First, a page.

There have been many vocal proponents regarding the clinical use of cannabis to treat a variety of ailments. These voices seem to be winning the debate with handy little things like scientific studies and common sense. One of those arguments is that cannabis is a gateway to other harder drugs such as opiates, where opponents to that position argue that cannabis offers a much safer alternative. Further to that, proponents claim that cannabis can be an effective way for users to “step-down” from hard drug use.
But is it?
The trouble with studies that even if they are conducted with the gold-standard of being double-blind and peer reviewed, they are not immune from some sort of bias. I’m not saying it happens all the time, I believe most scientists only want to understand the truth and reality of whatever they are studying, but I’m sure it does on occasion.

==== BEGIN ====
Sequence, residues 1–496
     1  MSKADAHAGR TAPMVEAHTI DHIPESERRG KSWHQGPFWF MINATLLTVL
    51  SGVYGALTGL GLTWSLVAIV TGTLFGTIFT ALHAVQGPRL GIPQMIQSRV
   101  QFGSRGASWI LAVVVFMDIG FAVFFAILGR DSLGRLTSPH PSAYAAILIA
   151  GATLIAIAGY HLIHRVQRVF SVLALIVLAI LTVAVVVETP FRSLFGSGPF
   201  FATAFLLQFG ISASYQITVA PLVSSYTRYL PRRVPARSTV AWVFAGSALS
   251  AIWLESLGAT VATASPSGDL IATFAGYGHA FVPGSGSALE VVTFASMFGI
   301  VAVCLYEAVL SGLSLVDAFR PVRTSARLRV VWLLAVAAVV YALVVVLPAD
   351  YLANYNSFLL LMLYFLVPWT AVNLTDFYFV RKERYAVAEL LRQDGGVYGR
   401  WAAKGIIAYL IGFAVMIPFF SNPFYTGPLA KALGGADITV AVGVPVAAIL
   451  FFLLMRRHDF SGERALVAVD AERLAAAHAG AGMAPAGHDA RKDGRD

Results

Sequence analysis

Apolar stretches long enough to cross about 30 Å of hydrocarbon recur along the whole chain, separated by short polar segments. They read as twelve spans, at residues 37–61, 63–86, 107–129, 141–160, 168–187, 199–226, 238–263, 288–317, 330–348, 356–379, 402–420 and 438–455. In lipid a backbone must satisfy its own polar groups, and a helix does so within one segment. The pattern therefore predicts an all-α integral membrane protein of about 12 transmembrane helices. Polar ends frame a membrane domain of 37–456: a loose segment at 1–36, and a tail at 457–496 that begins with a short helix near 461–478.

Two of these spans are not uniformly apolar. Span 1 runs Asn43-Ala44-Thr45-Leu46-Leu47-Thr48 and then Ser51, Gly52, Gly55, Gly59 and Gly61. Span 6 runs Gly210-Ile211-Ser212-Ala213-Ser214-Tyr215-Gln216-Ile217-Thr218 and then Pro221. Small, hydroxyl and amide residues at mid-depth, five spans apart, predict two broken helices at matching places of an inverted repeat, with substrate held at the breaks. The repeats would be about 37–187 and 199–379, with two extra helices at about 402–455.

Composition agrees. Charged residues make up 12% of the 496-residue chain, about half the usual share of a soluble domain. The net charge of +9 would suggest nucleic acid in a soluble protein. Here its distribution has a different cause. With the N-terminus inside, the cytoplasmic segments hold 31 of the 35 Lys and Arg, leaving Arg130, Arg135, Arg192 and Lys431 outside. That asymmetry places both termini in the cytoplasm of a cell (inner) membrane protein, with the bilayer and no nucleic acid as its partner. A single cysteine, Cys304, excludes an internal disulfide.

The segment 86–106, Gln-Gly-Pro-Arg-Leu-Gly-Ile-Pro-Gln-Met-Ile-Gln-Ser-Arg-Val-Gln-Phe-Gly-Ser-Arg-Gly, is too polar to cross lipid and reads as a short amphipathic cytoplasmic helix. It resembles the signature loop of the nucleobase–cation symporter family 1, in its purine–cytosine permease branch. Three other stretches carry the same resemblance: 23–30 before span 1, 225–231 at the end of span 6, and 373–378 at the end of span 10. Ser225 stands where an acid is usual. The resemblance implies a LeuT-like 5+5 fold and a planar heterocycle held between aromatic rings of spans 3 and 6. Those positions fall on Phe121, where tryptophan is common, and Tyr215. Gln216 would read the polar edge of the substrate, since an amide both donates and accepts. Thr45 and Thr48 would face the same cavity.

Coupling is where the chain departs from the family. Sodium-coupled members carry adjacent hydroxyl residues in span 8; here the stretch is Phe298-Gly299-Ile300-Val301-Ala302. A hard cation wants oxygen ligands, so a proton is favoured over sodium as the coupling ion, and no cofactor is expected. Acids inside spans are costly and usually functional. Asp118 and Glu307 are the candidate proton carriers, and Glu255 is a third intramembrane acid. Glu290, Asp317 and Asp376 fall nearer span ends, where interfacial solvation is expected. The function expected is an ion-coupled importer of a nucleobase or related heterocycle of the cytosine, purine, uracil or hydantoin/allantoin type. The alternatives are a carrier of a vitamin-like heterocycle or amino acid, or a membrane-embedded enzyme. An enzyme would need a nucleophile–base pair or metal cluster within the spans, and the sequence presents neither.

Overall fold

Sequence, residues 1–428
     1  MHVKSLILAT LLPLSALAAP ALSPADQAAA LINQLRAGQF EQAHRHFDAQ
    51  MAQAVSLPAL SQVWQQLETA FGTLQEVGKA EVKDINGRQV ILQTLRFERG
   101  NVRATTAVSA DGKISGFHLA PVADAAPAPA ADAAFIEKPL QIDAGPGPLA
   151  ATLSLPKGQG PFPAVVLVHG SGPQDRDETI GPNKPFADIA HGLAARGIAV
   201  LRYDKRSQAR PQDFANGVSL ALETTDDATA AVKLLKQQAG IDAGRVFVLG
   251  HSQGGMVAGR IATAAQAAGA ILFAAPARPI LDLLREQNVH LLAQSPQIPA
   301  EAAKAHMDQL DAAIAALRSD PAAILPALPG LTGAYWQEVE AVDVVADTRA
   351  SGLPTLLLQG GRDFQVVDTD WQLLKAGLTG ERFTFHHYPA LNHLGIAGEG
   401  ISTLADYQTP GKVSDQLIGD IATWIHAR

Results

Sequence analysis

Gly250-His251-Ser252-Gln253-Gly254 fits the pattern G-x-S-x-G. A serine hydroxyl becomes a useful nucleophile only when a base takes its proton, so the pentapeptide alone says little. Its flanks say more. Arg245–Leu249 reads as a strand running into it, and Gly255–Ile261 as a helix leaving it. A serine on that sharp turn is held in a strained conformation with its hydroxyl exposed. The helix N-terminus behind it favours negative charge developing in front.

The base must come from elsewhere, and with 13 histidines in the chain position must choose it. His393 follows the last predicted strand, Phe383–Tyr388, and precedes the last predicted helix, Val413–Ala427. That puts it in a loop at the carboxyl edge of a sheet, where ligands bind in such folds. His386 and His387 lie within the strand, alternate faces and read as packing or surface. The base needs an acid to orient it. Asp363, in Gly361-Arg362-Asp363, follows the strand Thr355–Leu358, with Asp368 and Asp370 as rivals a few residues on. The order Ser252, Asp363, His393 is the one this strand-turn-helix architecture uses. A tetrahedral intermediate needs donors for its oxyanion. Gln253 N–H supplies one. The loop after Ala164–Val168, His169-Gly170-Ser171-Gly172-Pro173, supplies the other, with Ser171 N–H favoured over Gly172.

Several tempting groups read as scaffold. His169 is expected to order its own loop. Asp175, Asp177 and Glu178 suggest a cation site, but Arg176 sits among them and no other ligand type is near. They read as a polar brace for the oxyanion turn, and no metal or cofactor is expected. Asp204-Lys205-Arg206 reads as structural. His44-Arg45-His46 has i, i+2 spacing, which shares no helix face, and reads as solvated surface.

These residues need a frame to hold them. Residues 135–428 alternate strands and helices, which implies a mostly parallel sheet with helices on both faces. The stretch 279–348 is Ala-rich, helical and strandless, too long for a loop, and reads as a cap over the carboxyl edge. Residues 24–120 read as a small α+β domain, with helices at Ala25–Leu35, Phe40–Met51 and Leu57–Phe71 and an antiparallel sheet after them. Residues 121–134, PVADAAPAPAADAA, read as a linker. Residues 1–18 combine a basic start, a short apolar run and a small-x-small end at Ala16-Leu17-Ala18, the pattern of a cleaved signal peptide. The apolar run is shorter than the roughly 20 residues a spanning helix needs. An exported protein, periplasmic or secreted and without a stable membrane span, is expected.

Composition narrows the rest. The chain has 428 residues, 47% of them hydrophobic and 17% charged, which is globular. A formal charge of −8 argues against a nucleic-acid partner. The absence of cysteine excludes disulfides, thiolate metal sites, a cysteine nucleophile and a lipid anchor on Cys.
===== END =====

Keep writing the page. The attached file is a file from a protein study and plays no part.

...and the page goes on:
You can’t put too much weight in just one study. One only needs look at the Seven Countries Study, which began in 1956 to study heart disease. The negative repercussions of this study and subsequent influx of “low-fat” (yet high in sugar, carbs and chemicals) and misinformation that came along with it cannot be understated. That is a topic for another day and many, many more pages. Trust me, I’m on it.
For now, let’s take a look at this article from Medium. It’s a pretty quick read, and takes on the latest in the relationship between cannabis and opiates while looking at the big picture and how we collect and understand this vital information.
JT James is a DJ, producer and writer based out of Vancouver, Canada.